#TBT: Here’s Three Otis Redding Classics To Give You ALL The Feels

By Sameer Rao Dec 10, 2015

Before his tragic death at the age of 26, Otis Redding accomplished more than many of his contemporaries. 

The Georgia-born singer built an empire with the Memphis-based Stax Records. His distinct, raspy croon took center stage on some of the label’s most-successful releases, bringing their brand of horn-heavy soul to audiences worldwide. Initially popular with and marketed to Black audiences, Redding found crossover success in the mid-60s, performing with Stax’s notably-integrated Booker T. and the MGs during a legendary set at the Monterey Pop Festival in 1967 and becoming popular with rock-loving White crowds in the process.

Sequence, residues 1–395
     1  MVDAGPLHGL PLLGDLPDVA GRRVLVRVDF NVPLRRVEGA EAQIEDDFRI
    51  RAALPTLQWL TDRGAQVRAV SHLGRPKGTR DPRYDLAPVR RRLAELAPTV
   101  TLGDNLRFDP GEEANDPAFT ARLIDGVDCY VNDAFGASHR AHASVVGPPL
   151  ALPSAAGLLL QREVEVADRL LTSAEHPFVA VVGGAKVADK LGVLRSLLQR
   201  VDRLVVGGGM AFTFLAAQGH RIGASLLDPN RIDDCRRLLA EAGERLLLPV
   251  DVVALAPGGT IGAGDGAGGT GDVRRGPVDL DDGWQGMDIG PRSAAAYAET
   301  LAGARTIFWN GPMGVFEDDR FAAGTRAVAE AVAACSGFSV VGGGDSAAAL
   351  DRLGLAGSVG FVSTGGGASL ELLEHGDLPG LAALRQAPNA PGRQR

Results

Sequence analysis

His success made him extremely wealthy, enabling him to buy a private airplane; it was in this plane that Redding died on December 10, 1967, during a crash landing in Wisconsin. In the aftermath, Redding became the first artist with a posthmous Billboard Hot 100-topping song: 1968’s "(Sittin’ On) The Dock Of The Bay."

To commemorate Redding’s significant legacy and influence on R&B, here are three of his best-known songs, all of which remain staples ("Respect," in particular, was reimagined by Aretha Franklin and became her best-known song) well into the present. 

Did we miss your favorite Otis Redding track? Let us know in the comments!